For state-directed payments through MCOs, the new rule limits payments to the state’s average commercial rate for inpatient and outpatient hospital services, nursing facility services and professional services at an academic medical center.

The new rule also eventually requires that each provider receiving a state-directed payment attest that it does not participate in a hold-harmless tax arrangement.

The clause apparently is meant to prevent scenarios in which provider taxes are used to increase Medicaid provider payments. “In these arrangements, providers appear to have prearranged agreements to redistribute Medicaid payments … from the providers that furnish relatively higher percentages of Medicaid-covered services toward providers that provide lower percentages of, or even no, Medicaid-covered services, with the effect of ensuring that taxpaying providers are held harmless for all or a portion of their cost of the healthcare-related tax,” CMS explained in an April 22 bulletin.

Notably, in that bulletin CMS wrote that enforcement discretion of the hold-harmless policy will be in place until at least 2028 for all currently existing arrangements.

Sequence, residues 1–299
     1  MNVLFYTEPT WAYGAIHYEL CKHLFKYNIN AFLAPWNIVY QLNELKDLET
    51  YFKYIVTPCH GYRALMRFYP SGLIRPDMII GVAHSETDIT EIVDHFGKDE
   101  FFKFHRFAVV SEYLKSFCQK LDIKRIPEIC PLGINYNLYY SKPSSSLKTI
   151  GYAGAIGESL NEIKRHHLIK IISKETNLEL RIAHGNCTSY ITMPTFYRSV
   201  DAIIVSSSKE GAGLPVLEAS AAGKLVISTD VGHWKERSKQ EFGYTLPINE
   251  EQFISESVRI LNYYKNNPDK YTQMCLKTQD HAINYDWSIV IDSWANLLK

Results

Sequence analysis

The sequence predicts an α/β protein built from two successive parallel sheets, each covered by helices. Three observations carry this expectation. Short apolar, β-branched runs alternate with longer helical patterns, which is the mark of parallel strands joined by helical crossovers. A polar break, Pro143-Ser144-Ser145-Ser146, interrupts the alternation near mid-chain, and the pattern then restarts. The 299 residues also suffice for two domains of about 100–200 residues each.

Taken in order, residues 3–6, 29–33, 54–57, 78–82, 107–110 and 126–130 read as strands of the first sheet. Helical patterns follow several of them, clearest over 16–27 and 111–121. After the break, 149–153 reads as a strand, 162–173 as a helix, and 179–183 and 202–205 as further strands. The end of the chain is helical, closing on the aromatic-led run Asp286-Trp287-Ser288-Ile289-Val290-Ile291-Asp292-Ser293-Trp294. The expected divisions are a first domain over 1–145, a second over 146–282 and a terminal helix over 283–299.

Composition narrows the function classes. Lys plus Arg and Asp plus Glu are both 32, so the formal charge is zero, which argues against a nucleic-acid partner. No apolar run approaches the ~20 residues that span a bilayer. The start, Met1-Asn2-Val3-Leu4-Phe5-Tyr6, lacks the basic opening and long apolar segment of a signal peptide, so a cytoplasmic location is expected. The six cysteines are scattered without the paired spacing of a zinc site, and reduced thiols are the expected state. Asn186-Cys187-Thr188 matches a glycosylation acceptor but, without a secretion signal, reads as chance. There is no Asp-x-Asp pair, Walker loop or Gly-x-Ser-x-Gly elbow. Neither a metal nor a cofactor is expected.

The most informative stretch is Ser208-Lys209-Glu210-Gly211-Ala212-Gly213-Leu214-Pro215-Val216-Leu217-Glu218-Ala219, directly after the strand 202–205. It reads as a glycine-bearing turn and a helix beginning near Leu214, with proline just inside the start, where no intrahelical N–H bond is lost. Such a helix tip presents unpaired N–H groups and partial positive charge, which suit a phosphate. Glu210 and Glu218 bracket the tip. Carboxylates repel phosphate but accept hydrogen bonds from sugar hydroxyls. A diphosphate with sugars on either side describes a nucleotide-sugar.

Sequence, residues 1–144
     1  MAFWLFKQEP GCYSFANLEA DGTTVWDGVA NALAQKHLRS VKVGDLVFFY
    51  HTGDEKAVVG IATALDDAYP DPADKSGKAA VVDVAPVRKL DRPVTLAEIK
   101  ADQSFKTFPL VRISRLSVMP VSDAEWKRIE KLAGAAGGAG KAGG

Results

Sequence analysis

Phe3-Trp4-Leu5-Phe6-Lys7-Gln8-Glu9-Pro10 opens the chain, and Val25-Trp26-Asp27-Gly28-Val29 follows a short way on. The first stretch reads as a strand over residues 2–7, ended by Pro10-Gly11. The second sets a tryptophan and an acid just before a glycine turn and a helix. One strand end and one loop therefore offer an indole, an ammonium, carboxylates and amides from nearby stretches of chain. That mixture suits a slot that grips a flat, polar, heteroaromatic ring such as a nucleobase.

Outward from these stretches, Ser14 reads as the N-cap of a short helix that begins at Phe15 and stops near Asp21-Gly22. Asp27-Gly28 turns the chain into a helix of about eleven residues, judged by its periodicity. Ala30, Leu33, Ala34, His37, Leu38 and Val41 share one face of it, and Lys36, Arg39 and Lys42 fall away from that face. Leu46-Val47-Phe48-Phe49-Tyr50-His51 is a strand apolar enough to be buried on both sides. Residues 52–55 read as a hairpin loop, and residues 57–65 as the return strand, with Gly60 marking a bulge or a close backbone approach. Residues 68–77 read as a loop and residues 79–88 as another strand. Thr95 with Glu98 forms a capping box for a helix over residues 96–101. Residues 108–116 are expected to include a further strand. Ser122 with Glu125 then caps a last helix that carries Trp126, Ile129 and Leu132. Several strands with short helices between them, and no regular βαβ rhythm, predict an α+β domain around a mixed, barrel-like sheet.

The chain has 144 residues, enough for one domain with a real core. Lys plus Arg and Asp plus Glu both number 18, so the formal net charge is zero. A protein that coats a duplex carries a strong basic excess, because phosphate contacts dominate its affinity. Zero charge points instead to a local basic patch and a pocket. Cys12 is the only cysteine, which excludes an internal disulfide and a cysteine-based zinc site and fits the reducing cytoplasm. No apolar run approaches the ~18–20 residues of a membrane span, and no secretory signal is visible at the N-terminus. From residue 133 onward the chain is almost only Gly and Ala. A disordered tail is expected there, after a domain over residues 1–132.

The rule establishes stepped-up oversight of plans’ adherence to appointment wait-time standards for “routine” outpatient mental health and SUD services (10 business days), primary care (15) and OB-GYN services (15). States must contract with independent entities to conduct annual secret-shopper surveys that gauge MCO adherence to wait-time standards and the accuracy of plans’ electronic provider directories, including whether listed providers are accepting new Medicaid enrollees.

Incentive agreements between MCOs and providers must include quality or performance metrics. For MLR purposes, a plan’s reported expenditures related to quality improvement activities no longer can include indirect expenses and overhead (similar to guidelines for Affordable Care Act marketplace plans).